PARIS (AP) — Prime Minister Manuel Valls said Wednesday that firmness must accompany humanity in dealing with Europe's ongoing migrant crisis as officials announced plans for a new refugee center in Calais, where thousands of migrants have gathered in hopes of sneaking across the English Channel to Britain.
The humanitarian aid center, partially funded by the European Union, is expected to open by early 2016. It was unclear whether it will replace a squalid makeshift camp known as the jungle where an estimated 3,000 migrants now live. That camp sprung up around a center opened in April that houses about 100 women and children and provides showers and meals to migrants.
"The responsibility of us all is to make sure the right to asylum ... is respected everywhere. One cannot avoid it with barbed wire," Valls said at a news conference in Calais, referring to migrants who are fleeing war and persecution in their homelands. But, he said, migration by people seeking to escape poverty "must be combatted."
He tried to dissuade migrants from journeying to Calais, where the Eurotunnel and the vast port have recently bolstered security.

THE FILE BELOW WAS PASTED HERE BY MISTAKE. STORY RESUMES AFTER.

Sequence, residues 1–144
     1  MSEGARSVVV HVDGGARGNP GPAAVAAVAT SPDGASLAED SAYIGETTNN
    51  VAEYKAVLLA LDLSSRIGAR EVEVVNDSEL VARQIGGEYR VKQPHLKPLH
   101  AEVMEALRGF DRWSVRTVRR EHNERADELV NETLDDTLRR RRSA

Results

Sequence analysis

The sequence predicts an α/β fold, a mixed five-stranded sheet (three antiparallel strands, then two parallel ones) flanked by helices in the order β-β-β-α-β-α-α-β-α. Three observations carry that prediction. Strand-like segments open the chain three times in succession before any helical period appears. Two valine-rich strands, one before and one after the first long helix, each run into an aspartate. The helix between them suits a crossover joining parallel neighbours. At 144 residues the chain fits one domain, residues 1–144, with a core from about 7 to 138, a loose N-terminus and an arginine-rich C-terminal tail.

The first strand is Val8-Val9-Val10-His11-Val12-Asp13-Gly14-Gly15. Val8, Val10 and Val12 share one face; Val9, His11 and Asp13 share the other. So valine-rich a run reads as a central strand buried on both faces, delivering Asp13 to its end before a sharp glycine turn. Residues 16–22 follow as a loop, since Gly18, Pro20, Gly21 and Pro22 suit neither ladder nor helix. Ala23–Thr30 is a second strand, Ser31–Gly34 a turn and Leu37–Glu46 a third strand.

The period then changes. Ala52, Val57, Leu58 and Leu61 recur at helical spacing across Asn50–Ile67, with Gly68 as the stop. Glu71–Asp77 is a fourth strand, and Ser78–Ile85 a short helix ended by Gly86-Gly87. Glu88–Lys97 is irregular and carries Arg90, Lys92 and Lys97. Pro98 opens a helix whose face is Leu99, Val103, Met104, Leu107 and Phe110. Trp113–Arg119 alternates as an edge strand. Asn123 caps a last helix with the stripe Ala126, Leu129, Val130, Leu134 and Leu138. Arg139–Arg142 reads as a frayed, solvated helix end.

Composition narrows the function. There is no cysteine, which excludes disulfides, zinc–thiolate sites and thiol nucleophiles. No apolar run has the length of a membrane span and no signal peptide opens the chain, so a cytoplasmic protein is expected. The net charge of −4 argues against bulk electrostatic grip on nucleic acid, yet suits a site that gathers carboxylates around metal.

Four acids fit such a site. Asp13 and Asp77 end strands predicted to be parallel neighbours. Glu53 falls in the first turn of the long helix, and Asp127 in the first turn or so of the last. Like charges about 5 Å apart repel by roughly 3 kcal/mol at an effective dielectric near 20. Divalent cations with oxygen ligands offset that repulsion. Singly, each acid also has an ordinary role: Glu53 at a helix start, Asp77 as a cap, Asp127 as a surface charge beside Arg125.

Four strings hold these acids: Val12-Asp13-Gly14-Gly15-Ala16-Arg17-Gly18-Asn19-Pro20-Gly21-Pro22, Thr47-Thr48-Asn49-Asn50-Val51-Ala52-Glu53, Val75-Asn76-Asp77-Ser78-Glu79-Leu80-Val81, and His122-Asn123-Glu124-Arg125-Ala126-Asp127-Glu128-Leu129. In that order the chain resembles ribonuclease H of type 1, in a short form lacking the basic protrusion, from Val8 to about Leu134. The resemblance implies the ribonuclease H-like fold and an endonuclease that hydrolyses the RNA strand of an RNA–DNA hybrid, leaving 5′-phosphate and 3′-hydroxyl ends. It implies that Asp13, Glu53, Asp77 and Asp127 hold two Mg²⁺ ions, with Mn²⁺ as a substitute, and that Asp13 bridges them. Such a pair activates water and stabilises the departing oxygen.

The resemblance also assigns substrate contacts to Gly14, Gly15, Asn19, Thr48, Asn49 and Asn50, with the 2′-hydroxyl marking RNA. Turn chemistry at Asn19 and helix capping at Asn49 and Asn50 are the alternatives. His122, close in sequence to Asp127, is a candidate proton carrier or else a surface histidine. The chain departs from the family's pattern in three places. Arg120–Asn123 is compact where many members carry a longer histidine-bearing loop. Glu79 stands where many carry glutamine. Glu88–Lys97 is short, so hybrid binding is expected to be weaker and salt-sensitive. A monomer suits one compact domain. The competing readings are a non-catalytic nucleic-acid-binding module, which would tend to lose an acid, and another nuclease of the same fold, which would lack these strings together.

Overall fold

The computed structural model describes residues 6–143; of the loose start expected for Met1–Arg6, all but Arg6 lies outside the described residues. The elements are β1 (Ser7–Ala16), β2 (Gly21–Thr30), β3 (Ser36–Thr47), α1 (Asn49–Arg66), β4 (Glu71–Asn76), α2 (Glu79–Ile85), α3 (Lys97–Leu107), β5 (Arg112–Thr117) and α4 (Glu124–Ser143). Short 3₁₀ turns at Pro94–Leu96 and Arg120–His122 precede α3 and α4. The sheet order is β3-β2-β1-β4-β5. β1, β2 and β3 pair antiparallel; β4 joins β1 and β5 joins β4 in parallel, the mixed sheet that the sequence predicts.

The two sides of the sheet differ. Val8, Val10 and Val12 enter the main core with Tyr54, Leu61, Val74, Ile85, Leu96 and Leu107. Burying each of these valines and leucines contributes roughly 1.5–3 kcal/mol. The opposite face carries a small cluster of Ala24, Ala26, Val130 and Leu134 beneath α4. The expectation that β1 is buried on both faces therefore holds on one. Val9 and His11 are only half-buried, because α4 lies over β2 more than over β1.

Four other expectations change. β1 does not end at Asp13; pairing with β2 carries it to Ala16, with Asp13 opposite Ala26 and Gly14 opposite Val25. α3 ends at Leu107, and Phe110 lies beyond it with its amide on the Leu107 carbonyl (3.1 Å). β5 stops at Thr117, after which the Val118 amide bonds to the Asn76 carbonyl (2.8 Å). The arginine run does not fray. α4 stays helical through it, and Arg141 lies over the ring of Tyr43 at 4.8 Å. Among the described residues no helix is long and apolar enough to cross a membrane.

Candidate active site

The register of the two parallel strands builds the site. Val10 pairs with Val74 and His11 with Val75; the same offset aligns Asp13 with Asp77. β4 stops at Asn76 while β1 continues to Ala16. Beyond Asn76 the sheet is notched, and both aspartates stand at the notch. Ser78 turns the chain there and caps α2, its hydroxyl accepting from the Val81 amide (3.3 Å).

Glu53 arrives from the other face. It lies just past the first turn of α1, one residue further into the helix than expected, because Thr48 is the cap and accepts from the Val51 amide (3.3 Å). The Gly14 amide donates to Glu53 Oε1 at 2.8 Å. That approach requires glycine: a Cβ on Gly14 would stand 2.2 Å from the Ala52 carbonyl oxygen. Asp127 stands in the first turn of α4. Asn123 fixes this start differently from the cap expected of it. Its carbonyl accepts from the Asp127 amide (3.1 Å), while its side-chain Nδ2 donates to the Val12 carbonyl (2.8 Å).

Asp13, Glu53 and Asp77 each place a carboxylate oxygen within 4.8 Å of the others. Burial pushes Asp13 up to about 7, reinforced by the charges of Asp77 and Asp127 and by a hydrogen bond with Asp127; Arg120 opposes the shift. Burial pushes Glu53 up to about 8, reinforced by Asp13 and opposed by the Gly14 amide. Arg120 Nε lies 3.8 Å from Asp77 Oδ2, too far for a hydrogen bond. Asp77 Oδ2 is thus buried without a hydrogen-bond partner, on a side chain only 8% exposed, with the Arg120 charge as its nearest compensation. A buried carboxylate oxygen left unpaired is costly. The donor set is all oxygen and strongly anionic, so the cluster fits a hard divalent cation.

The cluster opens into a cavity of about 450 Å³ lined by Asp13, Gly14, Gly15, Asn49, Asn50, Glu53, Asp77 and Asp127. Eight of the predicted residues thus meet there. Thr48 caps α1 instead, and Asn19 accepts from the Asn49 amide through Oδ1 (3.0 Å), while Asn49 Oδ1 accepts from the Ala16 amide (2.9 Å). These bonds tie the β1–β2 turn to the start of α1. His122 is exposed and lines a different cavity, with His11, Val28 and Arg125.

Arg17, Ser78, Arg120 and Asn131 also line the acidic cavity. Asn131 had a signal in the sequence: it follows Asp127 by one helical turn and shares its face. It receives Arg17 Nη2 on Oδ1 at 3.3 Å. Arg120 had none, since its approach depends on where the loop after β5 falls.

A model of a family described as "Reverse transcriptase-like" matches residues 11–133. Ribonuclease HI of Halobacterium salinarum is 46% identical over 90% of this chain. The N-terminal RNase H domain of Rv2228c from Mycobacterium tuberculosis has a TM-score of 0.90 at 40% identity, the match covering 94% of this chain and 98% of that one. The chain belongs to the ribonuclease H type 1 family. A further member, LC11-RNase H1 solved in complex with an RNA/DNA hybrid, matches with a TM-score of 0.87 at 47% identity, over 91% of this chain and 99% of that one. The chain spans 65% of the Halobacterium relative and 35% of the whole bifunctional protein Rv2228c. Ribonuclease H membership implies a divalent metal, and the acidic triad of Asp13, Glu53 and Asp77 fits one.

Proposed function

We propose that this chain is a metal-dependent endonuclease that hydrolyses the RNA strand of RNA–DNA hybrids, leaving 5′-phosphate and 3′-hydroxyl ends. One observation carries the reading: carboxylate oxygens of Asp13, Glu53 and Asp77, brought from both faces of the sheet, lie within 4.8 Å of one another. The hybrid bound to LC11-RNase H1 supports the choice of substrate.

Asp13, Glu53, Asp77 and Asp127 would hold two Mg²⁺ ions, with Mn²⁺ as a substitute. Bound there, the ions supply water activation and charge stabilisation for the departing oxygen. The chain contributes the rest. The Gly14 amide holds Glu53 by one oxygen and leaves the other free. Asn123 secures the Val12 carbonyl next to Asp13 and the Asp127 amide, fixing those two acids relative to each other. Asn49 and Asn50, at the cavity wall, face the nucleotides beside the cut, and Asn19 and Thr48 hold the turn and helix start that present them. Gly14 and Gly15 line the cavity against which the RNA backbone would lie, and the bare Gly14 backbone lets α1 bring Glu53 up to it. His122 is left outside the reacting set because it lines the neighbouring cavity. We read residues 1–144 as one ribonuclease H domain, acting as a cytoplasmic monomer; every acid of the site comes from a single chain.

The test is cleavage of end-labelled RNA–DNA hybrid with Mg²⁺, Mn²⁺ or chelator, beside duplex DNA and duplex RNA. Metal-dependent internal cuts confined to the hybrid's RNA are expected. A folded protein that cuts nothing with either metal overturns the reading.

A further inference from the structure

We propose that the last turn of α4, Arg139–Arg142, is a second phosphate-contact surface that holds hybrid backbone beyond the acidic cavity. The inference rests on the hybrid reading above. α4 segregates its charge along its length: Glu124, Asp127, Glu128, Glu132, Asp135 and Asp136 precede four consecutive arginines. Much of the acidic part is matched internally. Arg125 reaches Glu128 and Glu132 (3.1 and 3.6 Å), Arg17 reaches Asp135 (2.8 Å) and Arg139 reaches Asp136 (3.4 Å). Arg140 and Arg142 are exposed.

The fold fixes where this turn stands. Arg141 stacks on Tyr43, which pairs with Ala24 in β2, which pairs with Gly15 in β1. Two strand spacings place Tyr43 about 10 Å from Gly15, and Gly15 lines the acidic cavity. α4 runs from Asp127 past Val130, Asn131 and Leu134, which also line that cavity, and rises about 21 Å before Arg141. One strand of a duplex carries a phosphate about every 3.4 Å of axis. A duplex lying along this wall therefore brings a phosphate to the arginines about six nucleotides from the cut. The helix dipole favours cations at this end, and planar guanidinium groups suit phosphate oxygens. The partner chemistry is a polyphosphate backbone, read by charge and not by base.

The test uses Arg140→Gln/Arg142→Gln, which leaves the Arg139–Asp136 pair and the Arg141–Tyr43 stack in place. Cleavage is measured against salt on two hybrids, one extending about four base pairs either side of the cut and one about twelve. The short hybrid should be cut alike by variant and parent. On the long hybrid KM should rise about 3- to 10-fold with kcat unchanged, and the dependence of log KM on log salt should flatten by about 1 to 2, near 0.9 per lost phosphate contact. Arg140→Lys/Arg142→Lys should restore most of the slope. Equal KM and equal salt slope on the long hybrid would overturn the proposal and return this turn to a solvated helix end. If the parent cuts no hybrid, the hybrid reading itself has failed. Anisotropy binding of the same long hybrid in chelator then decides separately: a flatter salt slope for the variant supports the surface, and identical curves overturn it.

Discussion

"Coming to Calais is throwing oneself into an impasse," Valls said.
European Commission Vice President Frans Timmermans, among a handful of officials accompanying Valls, said the EU will give France an extra 5 million euros ($5.6 million) to build the camp, expected to aid 1,500 migrants.
The people in Calais are just a fraction of the unprecedented number flowing into Europe this year from places like Syria, Sudan and Eritrea.
Europe must share the burden of the migrant crisis, Valls said, with a fair distribution of those eligible for asylum, a plan that both France and Germany support.
"Too many countries are refusing to take their share," he said. "We cannot accept it."